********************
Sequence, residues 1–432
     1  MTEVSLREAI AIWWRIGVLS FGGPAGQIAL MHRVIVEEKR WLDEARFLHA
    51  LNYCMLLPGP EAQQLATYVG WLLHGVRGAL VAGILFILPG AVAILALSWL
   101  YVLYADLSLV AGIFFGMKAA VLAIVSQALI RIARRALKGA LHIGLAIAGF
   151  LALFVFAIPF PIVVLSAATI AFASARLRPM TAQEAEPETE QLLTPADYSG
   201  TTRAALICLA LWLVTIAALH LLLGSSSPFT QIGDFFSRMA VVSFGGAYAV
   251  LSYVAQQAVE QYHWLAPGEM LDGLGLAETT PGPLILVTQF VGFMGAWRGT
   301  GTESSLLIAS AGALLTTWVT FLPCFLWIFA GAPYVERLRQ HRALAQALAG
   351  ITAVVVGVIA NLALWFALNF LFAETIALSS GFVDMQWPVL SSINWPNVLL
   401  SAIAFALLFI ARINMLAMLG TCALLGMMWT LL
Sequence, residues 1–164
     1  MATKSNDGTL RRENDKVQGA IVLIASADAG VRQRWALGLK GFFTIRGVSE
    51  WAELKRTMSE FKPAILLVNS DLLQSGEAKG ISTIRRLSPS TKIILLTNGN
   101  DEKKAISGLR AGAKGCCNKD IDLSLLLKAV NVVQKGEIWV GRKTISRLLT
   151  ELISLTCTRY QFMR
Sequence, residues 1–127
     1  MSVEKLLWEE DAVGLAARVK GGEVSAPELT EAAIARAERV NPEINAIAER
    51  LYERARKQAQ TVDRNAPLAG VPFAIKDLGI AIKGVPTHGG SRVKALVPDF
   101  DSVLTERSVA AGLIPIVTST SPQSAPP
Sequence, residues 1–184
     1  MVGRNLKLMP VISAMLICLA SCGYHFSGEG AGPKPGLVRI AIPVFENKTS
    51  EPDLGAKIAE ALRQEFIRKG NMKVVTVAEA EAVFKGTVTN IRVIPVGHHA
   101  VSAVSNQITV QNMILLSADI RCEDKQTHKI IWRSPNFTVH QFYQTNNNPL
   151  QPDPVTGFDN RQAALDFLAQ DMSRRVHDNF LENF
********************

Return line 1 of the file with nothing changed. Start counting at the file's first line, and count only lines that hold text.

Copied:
Sequence, residues 1–432